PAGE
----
Blog Post

China's Electric Cars & the Road to an Affordable EV

Stay on Top of Enterprise Technology Trends

Get updates impacting your industry from our GigaOm Research Community
Join the Community!

BYD Auto has been the poster child for electric cars in China ever since Warren Buffett invested in the company back in September. But in recent months new players, including the Renault-Nissan Alliance, Daimler AG (s dai) and battery maker Electrovaya, have come onto the scene as well — making China look more and more likely to give electric cars a strong push into the mass market.

Plug-ins are slated to hit the Chinese market in earnest over the next few years. BYD’s plug-in hybrid F3DM went on sale (for fleet operators) late last year, and it’s supposed to launch its first all-electric model — the E6 — in the second half of 2009. Nissan announced plans in November to start selling electric cars in the country by 2012. On Friday, the Renault-Nissan Alliance said it expects to roll out electric cars (and charging infrastructure) as part of a pilot project in central China’s Wuhan by 2011. In February, China’s Chery Automobile unveiled an electric concept car at the Detroit Auto Show.

Some of these companies are also working on electric models for the U.S. market. BYD plans to sell its electric E6 and a plug-in hybrid sedan in the U.S. by 2011. Renault-Nissan has started working with governments and utilities in California and Oregon to gear up for regional electric vehicle rollouts next year. Daimler, which is working on an electric version of its Smart Fortwo, has just introduced the gas version in China, joining a league of lower-priced lookalikes.

The big boon for automakers and battery suppliers — and consumers looking for more affordable alt-fuel cars — would be scale: China has the world’s second-largest car market (it exceeded U.S. sales for the third month in a row in March), and as the Wall Street Journal reports, the government is determined to help it grow an average of 10 percent a year for the next three years. If plug-ins take off among Chinese consumers, it could help companies drive down production costs with higher volumes — whether by selling their own vehicles or benefiting from battery suppliers’ economies of scale.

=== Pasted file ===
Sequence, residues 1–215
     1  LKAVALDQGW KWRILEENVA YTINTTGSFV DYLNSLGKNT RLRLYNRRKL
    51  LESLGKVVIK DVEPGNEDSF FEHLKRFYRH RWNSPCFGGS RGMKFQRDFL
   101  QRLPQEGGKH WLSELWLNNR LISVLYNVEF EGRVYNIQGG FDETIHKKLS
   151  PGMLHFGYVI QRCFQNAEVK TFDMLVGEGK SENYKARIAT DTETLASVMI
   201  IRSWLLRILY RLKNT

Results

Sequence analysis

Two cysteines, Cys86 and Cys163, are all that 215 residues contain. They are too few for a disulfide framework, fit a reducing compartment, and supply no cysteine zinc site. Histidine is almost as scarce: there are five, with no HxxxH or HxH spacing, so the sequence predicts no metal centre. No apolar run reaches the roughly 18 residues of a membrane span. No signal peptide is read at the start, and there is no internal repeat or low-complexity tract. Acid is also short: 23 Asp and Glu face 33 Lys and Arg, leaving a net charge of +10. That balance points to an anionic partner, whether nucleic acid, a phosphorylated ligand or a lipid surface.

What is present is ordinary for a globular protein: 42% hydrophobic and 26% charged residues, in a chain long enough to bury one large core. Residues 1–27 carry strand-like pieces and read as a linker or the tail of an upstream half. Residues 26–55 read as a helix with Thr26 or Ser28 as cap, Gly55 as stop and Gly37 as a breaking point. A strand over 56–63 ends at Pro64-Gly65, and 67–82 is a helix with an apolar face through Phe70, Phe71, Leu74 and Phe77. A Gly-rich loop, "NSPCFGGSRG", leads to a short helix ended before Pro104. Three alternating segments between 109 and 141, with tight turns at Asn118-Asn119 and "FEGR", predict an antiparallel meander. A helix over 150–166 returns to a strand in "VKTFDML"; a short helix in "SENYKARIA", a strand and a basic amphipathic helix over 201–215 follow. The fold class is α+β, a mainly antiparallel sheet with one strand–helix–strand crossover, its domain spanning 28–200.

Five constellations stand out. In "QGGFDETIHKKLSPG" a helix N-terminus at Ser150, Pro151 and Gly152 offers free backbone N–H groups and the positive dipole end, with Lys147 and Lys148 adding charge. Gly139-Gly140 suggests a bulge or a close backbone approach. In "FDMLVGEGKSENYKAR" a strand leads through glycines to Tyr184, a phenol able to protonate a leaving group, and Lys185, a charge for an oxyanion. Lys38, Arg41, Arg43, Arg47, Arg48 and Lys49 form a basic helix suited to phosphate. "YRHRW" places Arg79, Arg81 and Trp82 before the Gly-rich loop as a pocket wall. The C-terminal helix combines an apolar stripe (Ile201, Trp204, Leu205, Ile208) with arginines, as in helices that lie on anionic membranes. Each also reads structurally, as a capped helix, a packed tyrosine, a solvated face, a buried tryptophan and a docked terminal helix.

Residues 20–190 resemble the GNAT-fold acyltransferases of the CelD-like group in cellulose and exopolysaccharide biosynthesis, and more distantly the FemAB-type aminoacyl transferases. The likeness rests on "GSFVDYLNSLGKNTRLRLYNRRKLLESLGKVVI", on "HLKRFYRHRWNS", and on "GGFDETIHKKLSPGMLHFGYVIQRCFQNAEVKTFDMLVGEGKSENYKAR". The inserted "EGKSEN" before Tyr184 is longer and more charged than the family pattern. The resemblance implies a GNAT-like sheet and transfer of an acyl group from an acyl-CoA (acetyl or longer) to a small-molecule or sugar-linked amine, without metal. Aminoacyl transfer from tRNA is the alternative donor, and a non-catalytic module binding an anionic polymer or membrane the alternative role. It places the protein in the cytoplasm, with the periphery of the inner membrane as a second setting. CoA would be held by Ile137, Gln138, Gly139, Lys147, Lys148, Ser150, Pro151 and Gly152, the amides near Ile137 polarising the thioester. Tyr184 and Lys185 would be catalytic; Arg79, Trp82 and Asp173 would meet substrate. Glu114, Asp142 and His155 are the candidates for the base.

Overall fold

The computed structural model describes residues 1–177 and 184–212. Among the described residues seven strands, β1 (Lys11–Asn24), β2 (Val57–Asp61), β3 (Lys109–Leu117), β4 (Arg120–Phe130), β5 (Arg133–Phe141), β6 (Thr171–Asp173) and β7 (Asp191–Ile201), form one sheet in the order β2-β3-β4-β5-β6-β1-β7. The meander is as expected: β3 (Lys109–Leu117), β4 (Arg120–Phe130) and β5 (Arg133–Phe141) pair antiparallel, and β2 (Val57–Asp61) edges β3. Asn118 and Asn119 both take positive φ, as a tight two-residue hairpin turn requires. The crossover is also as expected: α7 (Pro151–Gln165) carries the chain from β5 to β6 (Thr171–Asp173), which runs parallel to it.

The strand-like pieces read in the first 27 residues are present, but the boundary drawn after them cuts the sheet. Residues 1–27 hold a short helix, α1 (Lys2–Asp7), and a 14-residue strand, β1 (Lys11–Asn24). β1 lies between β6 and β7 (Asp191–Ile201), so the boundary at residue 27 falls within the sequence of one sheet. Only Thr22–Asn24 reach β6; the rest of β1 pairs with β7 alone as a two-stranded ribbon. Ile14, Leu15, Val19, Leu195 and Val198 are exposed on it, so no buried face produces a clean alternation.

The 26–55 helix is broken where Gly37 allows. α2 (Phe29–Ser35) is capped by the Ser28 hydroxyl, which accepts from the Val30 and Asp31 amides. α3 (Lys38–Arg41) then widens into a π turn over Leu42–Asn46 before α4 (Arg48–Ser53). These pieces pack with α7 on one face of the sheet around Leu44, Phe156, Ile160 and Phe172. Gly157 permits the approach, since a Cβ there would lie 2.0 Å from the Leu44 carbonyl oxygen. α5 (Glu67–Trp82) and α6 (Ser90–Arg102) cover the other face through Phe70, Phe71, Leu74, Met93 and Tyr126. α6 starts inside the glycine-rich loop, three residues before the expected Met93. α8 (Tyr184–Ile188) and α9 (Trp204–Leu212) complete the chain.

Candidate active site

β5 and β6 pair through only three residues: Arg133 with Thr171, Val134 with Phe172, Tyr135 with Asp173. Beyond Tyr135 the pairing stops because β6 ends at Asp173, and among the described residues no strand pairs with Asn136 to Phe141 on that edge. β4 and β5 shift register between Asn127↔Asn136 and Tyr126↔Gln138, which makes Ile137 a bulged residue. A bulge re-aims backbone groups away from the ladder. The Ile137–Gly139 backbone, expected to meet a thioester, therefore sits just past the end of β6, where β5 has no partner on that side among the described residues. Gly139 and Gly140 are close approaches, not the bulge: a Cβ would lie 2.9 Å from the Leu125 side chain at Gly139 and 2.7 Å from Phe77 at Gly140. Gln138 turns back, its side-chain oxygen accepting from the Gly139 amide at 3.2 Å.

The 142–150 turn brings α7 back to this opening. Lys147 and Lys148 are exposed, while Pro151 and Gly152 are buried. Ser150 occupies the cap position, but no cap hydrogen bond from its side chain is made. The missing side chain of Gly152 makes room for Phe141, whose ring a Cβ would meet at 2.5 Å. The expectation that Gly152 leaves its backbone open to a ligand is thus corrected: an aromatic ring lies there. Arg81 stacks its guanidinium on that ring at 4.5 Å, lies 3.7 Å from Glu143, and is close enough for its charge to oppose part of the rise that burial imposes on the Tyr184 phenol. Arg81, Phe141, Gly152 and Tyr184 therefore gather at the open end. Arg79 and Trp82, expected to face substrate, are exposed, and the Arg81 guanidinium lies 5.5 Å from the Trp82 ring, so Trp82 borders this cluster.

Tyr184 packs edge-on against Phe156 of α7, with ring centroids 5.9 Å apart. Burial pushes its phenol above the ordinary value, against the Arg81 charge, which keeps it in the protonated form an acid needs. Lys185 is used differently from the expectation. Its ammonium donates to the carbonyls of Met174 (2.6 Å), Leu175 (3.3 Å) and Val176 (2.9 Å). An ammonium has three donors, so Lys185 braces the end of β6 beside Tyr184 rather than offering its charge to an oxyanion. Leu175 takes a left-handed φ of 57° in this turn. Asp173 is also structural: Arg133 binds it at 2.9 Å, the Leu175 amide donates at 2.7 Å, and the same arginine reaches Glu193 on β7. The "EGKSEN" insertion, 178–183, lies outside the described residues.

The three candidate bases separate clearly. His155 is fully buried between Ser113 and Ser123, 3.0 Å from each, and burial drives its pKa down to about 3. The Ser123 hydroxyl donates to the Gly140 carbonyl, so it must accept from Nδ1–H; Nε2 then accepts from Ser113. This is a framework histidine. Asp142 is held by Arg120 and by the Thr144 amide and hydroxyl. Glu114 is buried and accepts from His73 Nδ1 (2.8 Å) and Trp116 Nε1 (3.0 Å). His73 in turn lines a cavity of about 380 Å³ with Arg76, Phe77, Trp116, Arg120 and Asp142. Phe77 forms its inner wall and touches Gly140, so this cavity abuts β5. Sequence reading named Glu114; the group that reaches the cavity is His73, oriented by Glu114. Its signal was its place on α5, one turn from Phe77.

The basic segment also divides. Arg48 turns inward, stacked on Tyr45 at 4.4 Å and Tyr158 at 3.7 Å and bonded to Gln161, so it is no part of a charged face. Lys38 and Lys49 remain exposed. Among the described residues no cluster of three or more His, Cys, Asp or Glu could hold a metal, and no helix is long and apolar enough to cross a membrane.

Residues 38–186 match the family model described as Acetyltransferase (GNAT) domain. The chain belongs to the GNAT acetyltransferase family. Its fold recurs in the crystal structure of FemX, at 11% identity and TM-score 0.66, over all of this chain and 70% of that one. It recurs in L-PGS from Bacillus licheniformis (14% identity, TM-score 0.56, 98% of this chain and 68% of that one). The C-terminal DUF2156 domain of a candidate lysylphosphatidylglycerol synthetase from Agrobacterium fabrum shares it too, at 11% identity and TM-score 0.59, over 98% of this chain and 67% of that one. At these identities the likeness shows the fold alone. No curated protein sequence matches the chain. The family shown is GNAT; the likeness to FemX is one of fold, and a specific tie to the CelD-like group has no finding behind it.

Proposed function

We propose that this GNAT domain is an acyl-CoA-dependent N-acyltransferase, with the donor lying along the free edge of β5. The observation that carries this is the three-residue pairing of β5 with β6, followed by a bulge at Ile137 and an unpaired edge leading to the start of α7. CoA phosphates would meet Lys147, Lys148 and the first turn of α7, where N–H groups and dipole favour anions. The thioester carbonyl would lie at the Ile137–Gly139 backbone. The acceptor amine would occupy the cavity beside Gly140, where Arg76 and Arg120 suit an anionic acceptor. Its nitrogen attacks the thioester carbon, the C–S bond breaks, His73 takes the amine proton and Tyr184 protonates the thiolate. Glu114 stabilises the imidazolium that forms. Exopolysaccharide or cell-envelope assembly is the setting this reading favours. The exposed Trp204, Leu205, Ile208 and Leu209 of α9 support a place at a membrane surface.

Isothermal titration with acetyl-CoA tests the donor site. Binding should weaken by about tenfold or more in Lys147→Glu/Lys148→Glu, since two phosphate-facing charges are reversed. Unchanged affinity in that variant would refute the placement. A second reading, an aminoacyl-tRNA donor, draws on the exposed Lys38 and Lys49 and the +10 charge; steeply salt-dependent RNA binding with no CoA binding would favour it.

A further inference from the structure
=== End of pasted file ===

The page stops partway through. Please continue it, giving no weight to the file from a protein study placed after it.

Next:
But there’s a bit of a Catch-22: Prices remain high for mass adoption in China. With a price tag of roughly $22,000, BYD’s F3DM — available only to fleet operators at this point — is too costly for companies to go for it en masse. According to reports from Chinese media picked up by AutoblogGreen and GM-Volt today, BYD has sold just 80 F3DM units in four months.

BYD aims to bring that price down to about $16,000 through higher production volumes, helped along by U.S. and EU buyers. That would put the F3DM well below GM’s $40,000 Chevy Volt and competitive with Honda’s 2010 Insight, expected to have a base price of just under $20,000. According to Fortune magazine’s cover story this week, BYD’s cost-cutting moves so far include hiring people to assemble batteries instead of buying the $100,000 robotic arms used by Japanese competitors, flying executives in coach for business travel and putting them up in suburban rentals instead of posh downtown hotels for events.

For those of you ready to hit the comment button and point out that China gets most of its energy from coal, which means electric cars would be plugging right into dirty energy, some food for thought: Taking a gas-powered car off the road in China and replacing it with an electric one would cut greenhouse gas emissions by 19 percent, according to a MicKinsey report noted recently in the New York Times. Think it’s a bad trade? The floor is yours.

19 Responses to “China's Electric Cars & the Road to an Affordable EV”

  1. China is quickly becoming the supplier of choice for lithium-ion batteries. Even start-up electric automakers from California are outsourcing their battery-technology to Chinese companies.

    One example:

    Moves made by large companies such as BYD are consolidating the supply-chain in a fast growing consumer market, and technology companies in the United States have reason to be concerned. GE has recently started an advertising campaign aimed at promoting its alternative-energy developments.

    It is probably all but a certainty that electric vehicle costs will come down. Infrastructure to support them is another matter all together.

  2. Lets make another comment about coal powered EVs.
    There is a very good reason why an EV costs 1/10th the cost of running an ICE powered car, they use 1/10th the energy to do the same work. A kw/hr of energy is approx the same price be it from a fuel bowser or a wall socket. The difference is a still little known fact (you’re NEVER catch an auto manufacturer quoting ‘energy efficiency’) that a car powered by a gasoline ICE is 15% energy efficient at the wheels. That’s $85 out of every $100 spent at the bowser very efficiently converted into waste heat. To have 800 Million vehicles on the road wasting so much energy is just a ridiculous situation.
    Not only are EVs closer to 90% energy efficient just driving down the road, they can also regenerate which can double their range by re-cycling energy over and over. So even if an EV IS powered from the filthiest coal power in the world (China also has the largest hydro dam system ever built) it’s still using only a small fraction of the energy used by anything powered by an ICE.